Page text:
Jason Holsman says his six years in the Missouri House prove he can steer progressive legislation to success in a Republican-dominated General Assembly.
Crystal Williams says her two decades as a nonprofit advocate demonstrate she is dedicated to being a champion for progressive causes.
Sign Up and Save
Get six months of free digital access to The Kansas City Star
And both believe the other is a bad fit to be Kansas City’s next state senator.
The two Kansas City Democrats are battling in the Aug. 7 primary to take over for Sen. Jolie Justus and represent the 7th District in the Missouri Senate.
But there are few differences on issues.
Both support abortion rights. Both support expanding Medicaid as called for in President Barack Obama’s health care law. Both agree any plan to improve the state’s failing public schools must include a focus on such issues as poverty and neighborhood crime. And both decry the legislative priorities of the Missouri GOP.
But each views the other’s qualifications to fight for those policies in Jefferson City with skepticism.
Williams, 50, says Holsman has an “uncanny instinct for cozying up to Republicans.”
Holsman, 36, calls Williams a “hyperpartisan who will try to be an obstructionist” in the Senate.
The district — which encompasses downtown and parts of midtown, Grandview and Lee’s Summit — is considered one of the most liberal in the state. So it’s no surprise the two are fighting for the title of most progressive candidate, said Justus, who because of redistricting will spend her final two years in the Senate representing a district in eastern Missouri.
Holsman is a faculty member of the University of Phoenix and a former Kansas City Public Schools teacher. While serving in a Democratic minority, he successfully won passage of numerous bills, most notably one allowing customers who generate their own electricity to be allotted renewable energy credits from their utility.
His advocacy for environmental issues eventually won him appointments by GOP House Speaker Steve Tilley to chair committees focusing on renewable energy and urban agriculture.
“I have always been a progressive legislator, but I know how to play well with others,” Holsman said.
Williams has worked as a lobbyist and advocate for groups such as Planned Parenthood and Partnership for Children. In that role, she helped fight to establish the state’s first family planning funding and said she “worked tirelessly to protect women’s right to choose.”
“I bring decades of policy experience to the table working on progressive issues,” Williams said. “I know how important it is to work across the aisle with my colleagues in the Republican Party, but it is highly unlikely that they are going to be giving me a chairmanship, let alone two.”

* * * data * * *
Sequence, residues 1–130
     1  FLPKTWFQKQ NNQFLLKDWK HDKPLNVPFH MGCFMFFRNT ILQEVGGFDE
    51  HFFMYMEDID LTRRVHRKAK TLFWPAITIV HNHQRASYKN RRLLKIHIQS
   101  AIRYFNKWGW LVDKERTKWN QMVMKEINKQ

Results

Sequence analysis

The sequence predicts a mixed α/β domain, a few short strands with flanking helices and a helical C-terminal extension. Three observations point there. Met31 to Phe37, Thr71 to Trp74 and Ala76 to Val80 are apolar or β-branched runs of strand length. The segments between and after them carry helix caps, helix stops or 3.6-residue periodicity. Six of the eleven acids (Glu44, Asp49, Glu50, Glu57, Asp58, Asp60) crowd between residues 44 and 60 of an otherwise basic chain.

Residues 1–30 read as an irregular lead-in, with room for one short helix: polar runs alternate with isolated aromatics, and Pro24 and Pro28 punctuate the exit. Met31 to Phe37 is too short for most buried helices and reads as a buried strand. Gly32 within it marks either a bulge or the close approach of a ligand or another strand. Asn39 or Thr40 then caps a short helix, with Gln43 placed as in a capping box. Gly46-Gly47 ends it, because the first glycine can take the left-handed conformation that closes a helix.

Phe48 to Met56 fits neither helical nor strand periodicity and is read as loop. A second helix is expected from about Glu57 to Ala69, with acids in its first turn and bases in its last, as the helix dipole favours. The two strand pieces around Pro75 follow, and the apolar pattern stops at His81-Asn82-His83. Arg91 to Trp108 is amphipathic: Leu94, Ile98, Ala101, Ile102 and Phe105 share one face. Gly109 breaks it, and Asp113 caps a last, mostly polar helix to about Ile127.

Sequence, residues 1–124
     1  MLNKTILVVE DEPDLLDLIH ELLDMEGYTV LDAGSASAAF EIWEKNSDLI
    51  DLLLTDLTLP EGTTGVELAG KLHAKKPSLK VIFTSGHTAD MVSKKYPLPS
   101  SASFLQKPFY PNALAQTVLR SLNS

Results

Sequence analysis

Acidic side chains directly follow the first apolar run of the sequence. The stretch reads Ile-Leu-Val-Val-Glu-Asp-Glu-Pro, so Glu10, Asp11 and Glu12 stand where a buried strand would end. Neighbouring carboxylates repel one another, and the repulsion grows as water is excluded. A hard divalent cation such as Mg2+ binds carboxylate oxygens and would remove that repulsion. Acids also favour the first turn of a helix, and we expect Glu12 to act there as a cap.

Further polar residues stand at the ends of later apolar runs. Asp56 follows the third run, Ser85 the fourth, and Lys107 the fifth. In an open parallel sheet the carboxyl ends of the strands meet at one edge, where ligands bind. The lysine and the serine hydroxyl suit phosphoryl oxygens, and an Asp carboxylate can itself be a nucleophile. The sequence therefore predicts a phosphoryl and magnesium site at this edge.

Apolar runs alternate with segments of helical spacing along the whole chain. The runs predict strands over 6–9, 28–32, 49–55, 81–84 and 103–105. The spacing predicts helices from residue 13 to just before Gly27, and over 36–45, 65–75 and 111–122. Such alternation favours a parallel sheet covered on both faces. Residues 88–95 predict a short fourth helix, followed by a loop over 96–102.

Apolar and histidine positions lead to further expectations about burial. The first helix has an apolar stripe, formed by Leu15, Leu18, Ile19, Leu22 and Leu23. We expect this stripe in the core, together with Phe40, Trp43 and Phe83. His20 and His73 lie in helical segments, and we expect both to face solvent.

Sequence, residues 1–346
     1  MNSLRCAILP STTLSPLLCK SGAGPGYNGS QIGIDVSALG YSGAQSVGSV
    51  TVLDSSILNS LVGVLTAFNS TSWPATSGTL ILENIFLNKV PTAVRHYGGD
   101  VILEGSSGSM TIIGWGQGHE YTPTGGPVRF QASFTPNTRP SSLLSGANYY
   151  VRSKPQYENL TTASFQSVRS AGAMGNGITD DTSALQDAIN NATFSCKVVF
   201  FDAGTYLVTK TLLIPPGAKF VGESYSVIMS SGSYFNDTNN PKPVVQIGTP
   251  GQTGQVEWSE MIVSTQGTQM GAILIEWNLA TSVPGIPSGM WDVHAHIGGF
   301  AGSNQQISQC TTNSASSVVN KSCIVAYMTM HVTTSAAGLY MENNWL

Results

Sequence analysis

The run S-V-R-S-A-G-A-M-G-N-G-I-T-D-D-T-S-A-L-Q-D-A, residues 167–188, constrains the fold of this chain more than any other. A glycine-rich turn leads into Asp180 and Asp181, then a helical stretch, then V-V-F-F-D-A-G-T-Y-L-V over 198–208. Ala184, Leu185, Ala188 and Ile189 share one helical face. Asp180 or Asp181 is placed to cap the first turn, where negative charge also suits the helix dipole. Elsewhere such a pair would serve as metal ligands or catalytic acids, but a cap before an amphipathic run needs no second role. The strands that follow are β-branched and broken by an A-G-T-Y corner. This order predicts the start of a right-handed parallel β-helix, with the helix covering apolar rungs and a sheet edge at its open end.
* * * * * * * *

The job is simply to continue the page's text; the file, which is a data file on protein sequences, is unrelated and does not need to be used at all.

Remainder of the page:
Holsman dismisses his rival’s criticism of being appointed to lead committees by Republicans as a “Karl Rove tactic to use someone’s success against them.”
“I have been an effective member of the minority,” he said. “I’ve overachieved given the political circumstances. I make no apologies for that.”
Only three other Democrats chair committees in the Missouri House.
To defend his progressive record, Holsman points to criticism from his 2010 GOP opponent, who consistently referred to him as “one of the most leftist legislators in Missouri.”
But trying to paint her as an obstructionist shows Holsman doesn’t understand the voters in the district, Williams said.
“We want positive, productive policy that supports jobs, education and economic development,” she said. “But we also want our senator to obstruct legislation that would limit health care access for women and their families, or legislation that spews hate for our LGBT or Hispanic neighbors.”
Williams says the record is clear. Before he knew he was running this year for a seat in the Senate, she says, Holsman made a number of bad votes on key issues. Specifically, she points to his support in 2008 for legislation that, among other things, prohibited the state from issuing driver’s licenses to undocumented immigrants and curtailed the creation of sanctuary cities.
Holsman also voted “present” on two pieces of legislation last year that placed new restrictions and penalties on doctors performing late-term abortions. Seventeen Democrats supported the bill and 33 voted against it. Holsman was the only member of either party to vote “present.”
Holsman said he voted for the immigration bill because it also included workplace safety measures that were a priority of organized labor organizations. Only 11 House Democrats voted against that bill.
His votes on last year’s abortion bills were an attempt to make a statement that “this legislation should not be decided by men,” he said. He previously voted against the bills.
Because Williams is “unaccomplished, she has to find things to try to tear me down,” Holsman said.
Justus predicted that the winner of the primary will come down to who works harder at getting their message out to voters.
“In this district, you have to get out there and knock on doors,” said Justus, who is staying neutral in the primary. “Right now, I honestly can’t tell who is going to win. It appears to me that they are neck and neck.”
The winner will be unopposed in the November election.